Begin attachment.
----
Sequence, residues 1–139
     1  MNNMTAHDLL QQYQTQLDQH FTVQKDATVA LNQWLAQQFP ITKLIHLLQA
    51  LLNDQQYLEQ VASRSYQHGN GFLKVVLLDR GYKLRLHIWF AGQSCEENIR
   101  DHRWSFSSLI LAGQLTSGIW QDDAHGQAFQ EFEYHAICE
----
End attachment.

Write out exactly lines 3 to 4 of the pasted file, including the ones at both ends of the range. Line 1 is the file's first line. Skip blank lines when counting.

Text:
    51  LLNDQQYLEQ VASRSYQHGN GFLKVVLLDR GYKLRLHIWF AGQSCEENIR
   101  DHRWSFSSLI LAGQLTSGIW QDDAHGQAFQ EFEYHAICE